TX16Wx is a very powerful sampler, especially v3 (I'm still on v2 though, as v3 has issues with backwards compatibility), but you need to be prepared to put in the work and roll your own patches. It's not meant to be a "player" for any other format, it's meant to be a creative tool. As such, it doesn't have any premade libraries that I'm aware of. Also, since most modern libraries only come with monolithic and/or encrypted sample files, you can't easily import them into TX and make new patches. Happily, most of the libraries I own are provided as separate wave files, or can easily be converted to a non-monolithic format.


RE: Is possible to live without Kontakt or Kontakt Player? - PPH - 03-09-2020

I don't use Kontakt. I have Kontakt Player installed, but there is not one single WIP of mine right now that uses it. I do think I must get Kontakt eventually. But I won't be doing that for the next months. I have used Kontakt Player, but didn't like it. It feels... clunky. But maybe that's just in my current computer (I think it worked better in the previous one). The thing is one thinks one is missing out... You want to get a library, and then you see it's for Kontakt. But there are plenty of libraries out there.


RE: Is possible to live without Kontakt or Kontakt Player? - Samulis - 03-10-2020

SFZ has always been problematic for commercial developers as it rests upon open source foundations that generally make it hard to copy-protect effectively... it's very strength is what makes it a weakness for a commercial creator. Not to mention with SFZ you end up in the exact same issue as you get with NKI's, but instead of Native Instruments, you're licensing ARIA Player from Plogue... and losing out on many of the advanced features that make Kontakt the strong choice it is for devs. I've used SFZ a long time and would be among the first to praise all of its fantastic virtues, but for many commercial devs there's a deal breaker in there somewhere, be it feature set, execution, lacking DRM/encryption, etc. Even the fact that it has such a low adoption rate is itself a contributor to discouraging commercial development.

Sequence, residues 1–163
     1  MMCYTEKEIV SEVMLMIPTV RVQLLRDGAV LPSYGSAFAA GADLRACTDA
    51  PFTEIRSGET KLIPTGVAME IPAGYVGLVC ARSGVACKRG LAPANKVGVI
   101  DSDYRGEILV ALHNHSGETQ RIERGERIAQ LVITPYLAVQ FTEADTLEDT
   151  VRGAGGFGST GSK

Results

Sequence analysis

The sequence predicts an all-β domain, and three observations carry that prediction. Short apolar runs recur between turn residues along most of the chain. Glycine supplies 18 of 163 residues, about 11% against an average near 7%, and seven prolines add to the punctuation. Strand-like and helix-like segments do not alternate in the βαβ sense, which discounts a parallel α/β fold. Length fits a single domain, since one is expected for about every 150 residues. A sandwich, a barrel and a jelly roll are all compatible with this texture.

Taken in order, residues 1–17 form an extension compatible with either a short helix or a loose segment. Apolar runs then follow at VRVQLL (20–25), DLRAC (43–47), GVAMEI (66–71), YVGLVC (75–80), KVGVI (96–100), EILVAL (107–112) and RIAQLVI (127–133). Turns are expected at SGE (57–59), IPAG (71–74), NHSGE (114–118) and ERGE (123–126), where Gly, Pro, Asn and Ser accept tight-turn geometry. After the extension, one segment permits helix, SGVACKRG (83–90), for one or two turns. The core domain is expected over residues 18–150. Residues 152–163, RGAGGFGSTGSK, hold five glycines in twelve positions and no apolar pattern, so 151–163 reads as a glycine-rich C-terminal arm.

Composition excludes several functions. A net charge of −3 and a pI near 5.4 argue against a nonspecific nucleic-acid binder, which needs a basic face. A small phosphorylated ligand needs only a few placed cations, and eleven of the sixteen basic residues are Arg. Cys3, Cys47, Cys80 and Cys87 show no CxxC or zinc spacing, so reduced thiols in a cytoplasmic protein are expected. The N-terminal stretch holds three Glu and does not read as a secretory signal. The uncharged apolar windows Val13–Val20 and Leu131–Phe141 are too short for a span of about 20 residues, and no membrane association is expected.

Now there are some other options such as HISE, and more coming out as time goes on. Of course you can also make your own patches in whatever sampler you choose too, so long as you can find products that you can extract the sample files from, or where they are provided accessible, and have the patience to do so. At the end of the day, I think the reason why many end users are just as happy using Kontakt, or worse, some completely proprietary engine like PLAY, is because in most composition workflows, especially commercial ones, ease of use and speed are the primary concerns, so there's almost no desire to be able to alter patches beyond basic tweaks, and a strong desire for patches to be pre-balanced and calibrated to be highly playable with minimal effort/time involved. Asking the average user to assemble their own sample sets is like asking the average car owner to build their own car. For someone who has already built cars, or builds cars for a living, it is an easy, quick, even enjoyable process. Even offering car owners the ability to disassemble and rebuild their car however they'd like wouldn't go over too well; most folks would rather pay someone else to do it for them. As a result, such 'power user' abilities are often either overlooked or intentionally left out in many proprietary samplers or sample libraries. Kontakt at least holds no punches back on this: you can, aside from source code, modify just about any part of a Kontakt library to your liking.